Particularly in the supply chain, good performance is above all the result of good processes, followed by committed teams…
To establish these processes and define a supply chain improvement path, you need a compass.
In my professional experience, I have been successively responsible for the supply chain of several companies. From the very first weeks of my arrival in a new company, I always carried out an analysis of the existing situation concerning a set of best practices and defined a supply chain roadmap with my teams to prioritize improvement efforts.
To do this, I used an existing repository, which I adapted in my way to simplify it, make it more accessible to field teams, and push certain topics that I felt were under-represented (did I ever tell you about my passion for pull flow?…).
It could go something like this:
Well, for this company, we can see right away that we’ve got opportunities – but we can also see right away that we’ll be able to make a lot of progress if we start by putting in place a few supply chain performance measures (measuring service level and inventory turns is a good start) – and raise our heads a little on the horizon with a minimum of S&OP.
Every six months we review where we are, and we’re all proud to see that the radial diagram stain is gradually spreading out.
The use of a repository for best practices will therefore have several benefits:
– By carrying out a self-assessment, a repository enables the seeds of good practice to be disseminated throughout the organization. Oh yes, that’s right, it would be better if we did it that way!
– The repository will help you choose your battles – you can’t do everything at once.
– The repository enables us to communicate to other company functions, not just the supply chain team: we’re there, we’re going there, we need you for this!
– The supply chain benchmark enables us to measure and reward progress – even if we’re not yet excellent, we’ve improved a lot in six months! That’s something to be proud of!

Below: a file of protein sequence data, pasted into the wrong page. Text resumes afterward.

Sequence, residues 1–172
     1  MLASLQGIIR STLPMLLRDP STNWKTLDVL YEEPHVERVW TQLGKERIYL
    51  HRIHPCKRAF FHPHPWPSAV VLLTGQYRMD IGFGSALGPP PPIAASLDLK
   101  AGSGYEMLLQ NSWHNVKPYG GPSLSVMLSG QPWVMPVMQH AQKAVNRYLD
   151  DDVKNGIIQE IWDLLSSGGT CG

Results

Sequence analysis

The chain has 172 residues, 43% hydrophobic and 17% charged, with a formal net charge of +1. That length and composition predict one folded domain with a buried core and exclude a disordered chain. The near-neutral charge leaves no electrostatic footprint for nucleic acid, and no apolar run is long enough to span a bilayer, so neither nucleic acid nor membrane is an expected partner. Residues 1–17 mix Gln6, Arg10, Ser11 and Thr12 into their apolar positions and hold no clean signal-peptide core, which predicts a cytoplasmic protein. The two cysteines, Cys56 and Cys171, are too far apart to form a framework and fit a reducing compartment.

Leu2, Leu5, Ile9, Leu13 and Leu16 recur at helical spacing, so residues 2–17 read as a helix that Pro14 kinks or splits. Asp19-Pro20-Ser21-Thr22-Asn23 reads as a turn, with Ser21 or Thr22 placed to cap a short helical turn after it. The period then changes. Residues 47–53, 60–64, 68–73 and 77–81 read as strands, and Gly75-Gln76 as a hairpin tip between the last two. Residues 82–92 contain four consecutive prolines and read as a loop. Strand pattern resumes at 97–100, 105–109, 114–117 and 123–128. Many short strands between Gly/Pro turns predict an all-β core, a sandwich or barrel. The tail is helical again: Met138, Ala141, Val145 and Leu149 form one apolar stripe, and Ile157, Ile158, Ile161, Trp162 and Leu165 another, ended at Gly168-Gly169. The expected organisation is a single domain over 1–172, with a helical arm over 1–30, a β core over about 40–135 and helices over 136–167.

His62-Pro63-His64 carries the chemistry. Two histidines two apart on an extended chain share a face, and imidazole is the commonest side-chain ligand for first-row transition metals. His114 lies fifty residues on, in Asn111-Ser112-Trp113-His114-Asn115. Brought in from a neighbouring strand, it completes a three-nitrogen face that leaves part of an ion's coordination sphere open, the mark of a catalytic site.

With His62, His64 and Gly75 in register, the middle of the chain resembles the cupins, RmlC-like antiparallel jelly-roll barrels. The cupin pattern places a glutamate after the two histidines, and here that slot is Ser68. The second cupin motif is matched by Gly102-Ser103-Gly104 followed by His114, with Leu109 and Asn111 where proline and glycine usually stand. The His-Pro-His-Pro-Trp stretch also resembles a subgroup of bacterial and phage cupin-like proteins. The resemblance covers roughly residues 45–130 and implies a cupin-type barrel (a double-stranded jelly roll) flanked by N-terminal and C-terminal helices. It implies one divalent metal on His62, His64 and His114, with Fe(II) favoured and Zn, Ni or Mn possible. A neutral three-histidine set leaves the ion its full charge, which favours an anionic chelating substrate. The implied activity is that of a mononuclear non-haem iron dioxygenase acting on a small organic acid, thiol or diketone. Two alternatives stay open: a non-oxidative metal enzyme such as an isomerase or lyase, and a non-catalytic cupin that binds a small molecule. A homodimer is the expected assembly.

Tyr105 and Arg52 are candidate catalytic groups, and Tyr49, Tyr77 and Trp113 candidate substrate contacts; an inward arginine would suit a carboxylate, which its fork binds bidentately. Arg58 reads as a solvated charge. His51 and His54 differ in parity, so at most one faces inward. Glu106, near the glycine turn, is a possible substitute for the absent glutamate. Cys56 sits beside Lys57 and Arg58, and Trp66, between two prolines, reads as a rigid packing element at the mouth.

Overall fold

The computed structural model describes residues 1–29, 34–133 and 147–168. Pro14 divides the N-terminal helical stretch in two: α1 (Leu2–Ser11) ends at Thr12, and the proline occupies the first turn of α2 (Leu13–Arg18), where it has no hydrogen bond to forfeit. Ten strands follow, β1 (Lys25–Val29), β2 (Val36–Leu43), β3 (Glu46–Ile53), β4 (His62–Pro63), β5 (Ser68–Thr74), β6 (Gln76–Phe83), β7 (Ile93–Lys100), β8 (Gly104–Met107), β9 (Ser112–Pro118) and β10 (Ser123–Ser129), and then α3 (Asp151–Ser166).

Which frame of reference to use?
Class A, SCOR, MMOG-LE, Gartner best practices, reference frameworks from various professional associations or consulting firms, there are many different supports, and it’s not necessarily easy to recognize them all.
Some of these repositories are very (too?) rich. Fortunately, today these repositories are digitized, but at one time I remember a well-known repository that fit into a few large binders… It was undoubtedly exhaustive, but when you’re a supply chain manager and you’ve got a few customer issues to deal with first, it’s a bit daunting…
So you’ll need to look for a practical medium that suits you.
In France, we are partners of the “Supply Chain +” professional association, which has worked with its members to develop a reference framework of this type, soon to be available in English too – and which incorporates several Demand Driven best practices – it could be a useful resource for your path to supply chain excellence:
Did I mention that Intuiflow facilitates the structuring of processes and the implementation of best practices? Book a demo today!